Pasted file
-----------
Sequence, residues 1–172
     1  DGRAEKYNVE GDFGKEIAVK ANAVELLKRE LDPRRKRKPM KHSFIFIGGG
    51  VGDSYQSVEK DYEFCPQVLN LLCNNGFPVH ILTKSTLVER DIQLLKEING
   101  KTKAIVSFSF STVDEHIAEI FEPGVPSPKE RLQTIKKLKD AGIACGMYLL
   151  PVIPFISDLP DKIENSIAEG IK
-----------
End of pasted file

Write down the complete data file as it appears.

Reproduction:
Sequence, residues 1–172
     1  DGRAEKYNVE GDFGKEIAVK ANAVELLKRE LDPRRKRKPM KHSFIFIGGG
    51  VGDSYQSVEK DYEFCPQVLN LLCNNGFPVH ILTKSTLVER DIQLLKEING
   101  KTKAIVSFSF STVDEHIAEI FEPGVPSPKE RLQTIKKLKD AGIACGMYLL
   151  PVIPFISDLP DKIENSIAEG IK